Peirano proves Lodi makes good white wine, too
Cheers from the Vineyard April 23, 2005
San Joaquin News Service
Toss out the stereotype that Lodi can only produce good Zinfandel wines. Peirano Estate Vineyards owner Lance Randolph and his assistant, Michael Carr, are making great white wines, too, especially Sauvignon Blanc and Viognier.
Says Randolph on his winery web site: “Lodi has turned into the leading producer of Sauvignon Blanc in the State of California simply because this is one of the best areas in the world for this variety to thrive.”
Randolph could say the same for Viognier since his 2001 vintage was featured on CNBC as the best compliment for a Thanksgiving feast. Although Thanksgiving is long gone, the 2001 Peirano Estate Viognier Heritage Collection ($15 a bottle) remains a classic.
The are hints of peach, tangerine and flowers in the aroma and hints of honey and tangerine in the flavor of this well-crafted white Rhone wine. The best flavors come near the end when hints of oak (from eight months of resting in French oak barrels) combine with kiwi.
The 2001 Viognier is a mix of acid and sweetness – two intangibles that Randolph plays with every year.
“It’s and inconsistent grape,” he says of Viognier, “but this is the best place to grow it. In 1998, there were perhaps a half dozen viogniers on the market, now there are 40 to 60. It has great potential and a cult following.”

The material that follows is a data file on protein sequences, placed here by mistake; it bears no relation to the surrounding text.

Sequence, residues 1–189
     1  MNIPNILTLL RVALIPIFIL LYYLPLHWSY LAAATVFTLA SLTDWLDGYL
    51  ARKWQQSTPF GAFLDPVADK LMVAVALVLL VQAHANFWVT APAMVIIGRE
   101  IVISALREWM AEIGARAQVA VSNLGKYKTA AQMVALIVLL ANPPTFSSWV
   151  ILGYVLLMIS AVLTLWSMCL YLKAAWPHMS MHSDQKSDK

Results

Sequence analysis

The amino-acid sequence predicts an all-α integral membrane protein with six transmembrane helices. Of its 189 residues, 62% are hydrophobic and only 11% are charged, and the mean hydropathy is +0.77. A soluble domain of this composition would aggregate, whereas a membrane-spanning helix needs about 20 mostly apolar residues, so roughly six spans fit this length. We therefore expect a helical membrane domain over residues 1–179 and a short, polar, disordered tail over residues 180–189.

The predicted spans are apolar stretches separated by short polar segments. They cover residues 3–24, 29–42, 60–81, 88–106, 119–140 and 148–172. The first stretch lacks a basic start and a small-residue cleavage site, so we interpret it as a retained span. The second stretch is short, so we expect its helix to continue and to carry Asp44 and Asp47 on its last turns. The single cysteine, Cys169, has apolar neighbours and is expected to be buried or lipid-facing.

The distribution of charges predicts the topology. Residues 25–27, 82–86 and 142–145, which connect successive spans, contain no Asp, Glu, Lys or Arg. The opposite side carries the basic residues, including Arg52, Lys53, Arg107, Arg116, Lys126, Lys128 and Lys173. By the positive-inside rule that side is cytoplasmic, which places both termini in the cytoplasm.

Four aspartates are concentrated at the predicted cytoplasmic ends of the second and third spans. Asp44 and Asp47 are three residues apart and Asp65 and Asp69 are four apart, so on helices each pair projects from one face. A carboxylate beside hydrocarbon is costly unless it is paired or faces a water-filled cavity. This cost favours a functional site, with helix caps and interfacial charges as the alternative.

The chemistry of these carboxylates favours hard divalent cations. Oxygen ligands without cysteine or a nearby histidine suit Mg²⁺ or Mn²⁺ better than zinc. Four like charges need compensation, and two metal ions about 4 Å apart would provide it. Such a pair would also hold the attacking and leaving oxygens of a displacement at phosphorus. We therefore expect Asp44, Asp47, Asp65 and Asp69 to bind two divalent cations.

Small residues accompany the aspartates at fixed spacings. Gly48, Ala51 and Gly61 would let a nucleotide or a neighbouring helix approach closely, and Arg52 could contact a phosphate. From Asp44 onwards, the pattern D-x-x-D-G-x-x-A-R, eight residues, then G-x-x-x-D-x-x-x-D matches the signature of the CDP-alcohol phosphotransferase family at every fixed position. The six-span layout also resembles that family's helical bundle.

Viognier has crowded the white wine market, and in some ways has made Sauvignon Blanc a less appealing grape to grow.
But not at Peirano Estate, where Carr takes Randolph’s grapes and creates a masterpiece of “down under” flavors in the Aussie and New Zealand style. Randolph says his 2002 Peirano Estate Vineyards Sauvignon Blanc Heritage Collection ($12) illustrates how the Lodi Appellation can duplicate the ripe gooseberry flavor found in wines from Australia and New Zealand.
You don’t expect layers of flavors in a $12 white wine. How about honeysuckle, apple, pear, lemon and a touch of apricot?
To gain this astonishing mix of fruits, Randolph cut back on irrigation, forcing the roots of his vines to go deep into the aquifer beneath the soil. His crews did periodic leaf-pulling to ensure consistent ripening within the bunches of grapes, and Randolph increased the grapes’ hang time on the vines. This raised the sugar content in the grapes that were hand-harvested. During the crush, the grapes were squeezed gently in a bladder press. The juice was cold-fermented for nearly two weeks and barreled for six months in neutral oak to balance the acids.
The judges seem to think highly of this atypical California Sauvignon Blanc, giving it high honors such as the 2003 American Wine Society Commercial Wine Competition medal and the featured spot on the table at the Cultures of California Winemakers Dinner.
Not too bad for a Lodi winery with the largest plot of old vine zinfandel grapes in California.
Peirano Estate, 21831 North Highway 99, in Acampo, is open for tastings from 11am to 4:30 pm, Wednesdays through Sundays, and by appointment. Call 369-9463 or visit www.peirano.com.